And if we really focus on these key domains (key pages), then this is guiding us to quality content.
So the view that we have of the internet is not to go deep forever and crawl useless content.
It’s obviously to keep the index fresh and comprehensive, containing all of the most relevant content on the web.”
What Makes Bing Crawl Deep into Websites
Jason next asks about websites that get crawled deeply. Obviously, getting a search engine to index all of the pages of a site is important.
Fabrice explains the process.
“Right. And then I think that’s the key. You prefer going wide and going deep.
So if I have a site that’s at the top of the pile, you will tend to focus more on me than on trying to find new things that you don’t already know about?”
Fabrice provided a nuance answer, reflecting the complicated nature of what gets chosen for crawling and indexing:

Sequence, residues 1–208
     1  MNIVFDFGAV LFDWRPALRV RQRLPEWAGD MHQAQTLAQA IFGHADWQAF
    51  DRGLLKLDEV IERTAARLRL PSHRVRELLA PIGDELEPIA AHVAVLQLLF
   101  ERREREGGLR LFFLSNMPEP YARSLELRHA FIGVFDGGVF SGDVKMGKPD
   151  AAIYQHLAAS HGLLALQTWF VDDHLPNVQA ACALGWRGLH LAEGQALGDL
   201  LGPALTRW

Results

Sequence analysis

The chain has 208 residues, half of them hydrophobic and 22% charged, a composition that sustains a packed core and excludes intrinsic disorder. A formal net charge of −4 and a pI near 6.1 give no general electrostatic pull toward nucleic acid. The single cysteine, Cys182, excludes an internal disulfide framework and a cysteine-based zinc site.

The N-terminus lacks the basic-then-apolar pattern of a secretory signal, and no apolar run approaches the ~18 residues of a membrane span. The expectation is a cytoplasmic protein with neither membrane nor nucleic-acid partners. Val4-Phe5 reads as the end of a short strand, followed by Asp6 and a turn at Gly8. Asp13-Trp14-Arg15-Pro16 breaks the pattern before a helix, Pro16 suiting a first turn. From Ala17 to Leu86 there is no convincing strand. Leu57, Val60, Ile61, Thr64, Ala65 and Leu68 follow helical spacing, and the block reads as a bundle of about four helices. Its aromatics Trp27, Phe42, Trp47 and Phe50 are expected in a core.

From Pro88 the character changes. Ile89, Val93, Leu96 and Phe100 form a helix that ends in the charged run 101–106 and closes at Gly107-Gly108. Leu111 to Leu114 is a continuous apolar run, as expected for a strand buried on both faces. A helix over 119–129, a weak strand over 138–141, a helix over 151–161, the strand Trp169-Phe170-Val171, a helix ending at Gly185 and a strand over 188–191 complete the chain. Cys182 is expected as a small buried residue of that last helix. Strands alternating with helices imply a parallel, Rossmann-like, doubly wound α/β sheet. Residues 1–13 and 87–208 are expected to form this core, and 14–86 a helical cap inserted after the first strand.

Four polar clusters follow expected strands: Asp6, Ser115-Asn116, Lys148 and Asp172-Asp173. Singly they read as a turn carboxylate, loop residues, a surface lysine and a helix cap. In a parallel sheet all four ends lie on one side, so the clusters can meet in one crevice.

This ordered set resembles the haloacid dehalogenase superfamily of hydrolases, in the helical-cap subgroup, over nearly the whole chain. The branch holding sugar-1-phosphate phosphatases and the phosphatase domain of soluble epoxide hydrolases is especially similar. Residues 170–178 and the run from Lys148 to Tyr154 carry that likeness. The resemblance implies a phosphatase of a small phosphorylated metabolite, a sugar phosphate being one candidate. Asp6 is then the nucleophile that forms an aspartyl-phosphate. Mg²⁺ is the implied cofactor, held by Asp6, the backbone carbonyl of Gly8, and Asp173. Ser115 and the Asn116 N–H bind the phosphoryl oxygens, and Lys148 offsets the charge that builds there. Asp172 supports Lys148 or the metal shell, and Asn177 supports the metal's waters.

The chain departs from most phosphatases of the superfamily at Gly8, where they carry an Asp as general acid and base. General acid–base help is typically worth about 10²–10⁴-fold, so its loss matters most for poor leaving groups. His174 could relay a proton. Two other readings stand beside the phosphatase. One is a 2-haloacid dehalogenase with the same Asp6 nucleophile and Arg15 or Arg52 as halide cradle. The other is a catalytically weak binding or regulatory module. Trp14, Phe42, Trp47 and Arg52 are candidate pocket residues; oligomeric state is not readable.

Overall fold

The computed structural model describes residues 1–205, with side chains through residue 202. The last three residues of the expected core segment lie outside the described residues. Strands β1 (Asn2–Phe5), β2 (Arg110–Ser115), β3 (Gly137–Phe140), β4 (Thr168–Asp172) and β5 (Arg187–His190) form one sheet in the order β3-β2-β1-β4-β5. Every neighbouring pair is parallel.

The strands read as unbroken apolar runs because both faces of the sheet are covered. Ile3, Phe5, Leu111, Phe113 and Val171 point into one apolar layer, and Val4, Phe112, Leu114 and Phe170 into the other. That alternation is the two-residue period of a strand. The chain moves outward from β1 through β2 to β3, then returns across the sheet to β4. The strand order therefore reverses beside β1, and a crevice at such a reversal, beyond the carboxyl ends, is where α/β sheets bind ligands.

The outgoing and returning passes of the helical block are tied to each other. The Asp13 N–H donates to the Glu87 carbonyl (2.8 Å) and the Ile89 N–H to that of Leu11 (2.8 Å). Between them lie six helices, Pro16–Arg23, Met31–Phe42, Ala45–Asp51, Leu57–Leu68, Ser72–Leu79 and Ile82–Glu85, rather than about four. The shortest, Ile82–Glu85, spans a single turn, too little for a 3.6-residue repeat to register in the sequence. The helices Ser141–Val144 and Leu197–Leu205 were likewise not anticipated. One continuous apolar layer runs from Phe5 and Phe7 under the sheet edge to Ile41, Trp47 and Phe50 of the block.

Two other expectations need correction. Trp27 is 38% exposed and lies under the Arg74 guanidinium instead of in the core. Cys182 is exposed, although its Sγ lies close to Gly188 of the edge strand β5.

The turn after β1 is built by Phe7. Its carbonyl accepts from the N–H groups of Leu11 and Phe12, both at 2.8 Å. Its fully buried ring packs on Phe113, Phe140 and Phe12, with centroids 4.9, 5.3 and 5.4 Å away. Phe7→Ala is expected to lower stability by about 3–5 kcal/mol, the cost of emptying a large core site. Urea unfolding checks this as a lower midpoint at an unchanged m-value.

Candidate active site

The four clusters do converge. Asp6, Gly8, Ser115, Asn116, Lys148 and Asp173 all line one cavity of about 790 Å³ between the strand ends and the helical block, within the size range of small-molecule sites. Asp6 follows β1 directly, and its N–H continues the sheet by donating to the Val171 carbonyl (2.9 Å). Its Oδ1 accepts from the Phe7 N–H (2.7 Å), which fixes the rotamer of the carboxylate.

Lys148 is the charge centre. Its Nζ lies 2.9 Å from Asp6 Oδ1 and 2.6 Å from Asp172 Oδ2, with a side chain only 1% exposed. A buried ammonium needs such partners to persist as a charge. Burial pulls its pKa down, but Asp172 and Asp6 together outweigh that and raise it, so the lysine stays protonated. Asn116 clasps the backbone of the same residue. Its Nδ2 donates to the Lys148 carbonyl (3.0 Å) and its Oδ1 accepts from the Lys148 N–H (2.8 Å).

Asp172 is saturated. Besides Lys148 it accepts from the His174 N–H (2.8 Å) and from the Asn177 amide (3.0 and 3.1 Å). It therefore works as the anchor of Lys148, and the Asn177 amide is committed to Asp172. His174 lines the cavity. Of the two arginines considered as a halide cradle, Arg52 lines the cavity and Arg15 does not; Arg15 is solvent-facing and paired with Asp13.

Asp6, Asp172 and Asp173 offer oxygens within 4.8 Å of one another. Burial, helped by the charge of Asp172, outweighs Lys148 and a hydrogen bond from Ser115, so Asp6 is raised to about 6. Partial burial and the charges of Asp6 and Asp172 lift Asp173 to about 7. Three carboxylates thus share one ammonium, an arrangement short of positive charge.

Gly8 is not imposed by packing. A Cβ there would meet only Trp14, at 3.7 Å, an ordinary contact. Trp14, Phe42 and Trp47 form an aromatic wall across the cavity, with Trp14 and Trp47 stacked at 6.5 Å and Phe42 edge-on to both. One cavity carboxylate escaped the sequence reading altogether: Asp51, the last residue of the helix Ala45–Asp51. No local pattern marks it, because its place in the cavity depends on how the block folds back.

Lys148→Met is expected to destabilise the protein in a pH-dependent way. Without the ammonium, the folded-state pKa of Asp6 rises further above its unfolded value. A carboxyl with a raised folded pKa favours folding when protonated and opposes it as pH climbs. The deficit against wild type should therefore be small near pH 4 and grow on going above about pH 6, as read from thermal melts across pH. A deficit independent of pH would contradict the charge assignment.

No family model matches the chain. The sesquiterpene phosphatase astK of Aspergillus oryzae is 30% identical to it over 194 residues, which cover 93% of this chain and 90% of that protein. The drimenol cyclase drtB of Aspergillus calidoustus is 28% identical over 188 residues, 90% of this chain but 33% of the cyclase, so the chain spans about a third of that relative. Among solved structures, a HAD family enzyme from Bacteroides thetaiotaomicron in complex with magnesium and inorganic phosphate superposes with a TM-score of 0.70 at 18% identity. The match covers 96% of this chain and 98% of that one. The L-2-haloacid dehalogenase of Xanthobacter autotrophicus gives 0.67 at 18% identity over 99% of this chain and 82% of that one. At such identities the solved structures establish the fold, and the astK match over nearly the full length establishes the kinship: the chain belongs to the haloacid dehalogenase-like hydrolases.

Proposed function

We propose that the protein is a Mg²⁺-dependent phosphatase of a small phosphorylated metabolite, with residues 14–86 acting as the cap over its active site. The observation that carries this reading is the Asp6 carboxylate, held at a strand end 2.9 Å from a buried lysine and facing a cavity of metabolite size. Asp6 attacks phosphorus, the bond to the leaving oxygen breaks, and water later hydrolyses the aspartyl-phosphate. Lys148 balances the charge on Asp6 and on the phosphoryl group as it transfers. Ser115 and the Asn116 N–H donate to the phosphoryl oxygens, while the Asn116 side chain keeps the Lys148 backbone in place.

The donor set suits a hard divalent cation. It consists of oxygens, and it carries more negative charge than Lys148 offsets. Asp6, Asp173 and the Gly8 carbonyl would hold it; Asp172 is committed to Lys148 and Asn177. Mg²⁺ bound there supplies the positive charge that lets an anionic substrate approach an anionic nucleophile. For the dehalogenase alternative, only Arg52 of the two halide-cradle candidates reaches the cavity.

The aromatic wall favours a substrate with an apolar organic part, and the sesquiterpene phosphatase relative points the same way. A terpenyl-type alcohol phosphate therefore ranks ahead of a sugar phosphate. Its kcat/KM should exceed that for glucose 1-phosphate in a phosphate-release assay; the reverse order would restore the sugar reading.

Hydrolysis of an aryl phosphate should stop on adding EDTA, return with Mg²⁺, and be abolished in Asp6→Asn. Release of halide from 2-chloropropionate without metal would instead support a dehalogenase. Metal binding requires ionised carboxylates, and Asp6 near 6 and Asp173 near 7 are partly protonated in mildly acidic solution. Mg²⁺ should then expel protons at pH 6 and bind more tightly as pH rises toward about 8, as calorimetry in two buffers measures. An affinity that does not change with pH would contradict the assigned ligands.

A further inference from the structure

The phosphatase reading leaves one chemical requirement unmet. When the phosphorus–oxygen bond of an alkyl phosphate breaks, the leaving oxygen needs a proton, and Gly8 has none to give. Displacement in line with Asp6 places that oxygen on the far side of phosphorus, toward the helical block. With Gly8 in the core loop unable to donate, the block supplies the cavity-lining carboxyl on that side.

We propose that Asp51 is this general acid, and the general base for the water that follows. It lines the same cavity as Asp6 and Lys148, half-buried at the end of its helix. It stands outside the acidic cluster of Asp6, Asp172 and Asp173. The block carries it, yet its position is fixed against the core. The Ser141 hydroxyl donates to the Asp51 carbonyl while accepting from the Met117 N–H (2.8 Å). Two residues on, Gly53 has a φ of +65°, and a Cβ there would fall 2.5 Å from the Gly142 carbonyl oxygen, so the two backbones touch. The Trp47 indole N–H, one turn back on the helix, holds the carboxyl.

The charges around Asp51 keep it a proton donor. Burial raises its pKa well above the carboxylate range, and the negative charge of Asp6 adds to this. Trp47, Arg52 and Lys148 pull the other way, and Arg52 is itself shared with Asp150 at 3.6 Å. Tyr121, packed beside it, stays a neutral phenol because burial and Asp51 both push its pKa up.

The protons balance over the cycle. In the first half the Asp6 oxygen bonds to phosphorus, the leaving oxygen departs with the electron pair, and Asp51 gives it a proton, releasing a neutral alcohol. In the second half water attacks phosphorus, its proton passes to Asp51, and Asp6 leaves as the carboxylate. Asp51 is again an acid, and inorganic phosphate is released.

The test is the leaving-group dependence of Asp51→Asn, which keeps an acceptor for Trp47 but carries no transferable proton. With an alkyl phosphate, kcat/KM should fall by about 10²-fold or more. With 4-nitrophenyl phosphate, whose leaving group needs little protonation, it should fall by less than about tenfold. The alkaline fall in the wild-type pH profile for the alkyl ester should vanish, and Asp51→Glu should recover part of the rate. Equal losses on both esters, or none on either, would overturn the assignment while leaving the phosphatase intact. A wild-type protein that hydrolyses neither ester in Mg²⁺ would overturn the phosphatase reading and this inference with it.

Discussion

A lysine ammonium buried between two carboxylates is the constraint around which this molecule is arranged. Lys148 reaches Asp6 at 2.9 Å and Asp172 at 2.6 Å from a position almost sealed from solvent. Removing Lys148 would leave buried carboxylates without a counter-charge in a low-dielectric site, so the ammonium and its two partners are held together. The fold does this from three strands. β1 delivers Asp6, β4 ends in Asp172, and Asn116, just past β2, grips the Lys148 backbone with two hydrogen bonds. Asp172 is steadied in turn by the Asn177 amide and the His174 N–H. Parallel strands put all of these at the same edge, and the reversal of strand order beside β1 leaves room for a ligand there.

“It depends. If you have a site that is specialized and covers an interesting topic that customer cares about then we may obviously go deep.”
Machines Choose What to Crawl
We sometimes anthropomorphize search engines by saying things like “The search engine doesn’t like my site.”
But in reality there’s nothing in algorithms that are about liking or trusting.
Machines don’t like.
Machines don’t trust.
Search engines are machines that are essentially programmed with goals.
Fabrice explains about how Bing chooses to crawl deep or not crawl deep:
“This is not me selecting where we go deep and not deep. Nor is it my team.
This is the machine.
Machine learning that is selecting to go deep or deeper based on what we feel is important for a Bing customer.”
That part about what is important for the customer is something to take note of. The search engine, in this case Bing, is tuned to identify pages that are important to customers.
When writing an article or even creating an ecommerce page, it might be useful to look at the page and ask, “How can I make this page important for the those who visit this web page?”
Jason followed up with a question to tease more information about what is involved in the selecting what’s important to site visitors.
“You’re just giving the machine the goals you want it to achieve?”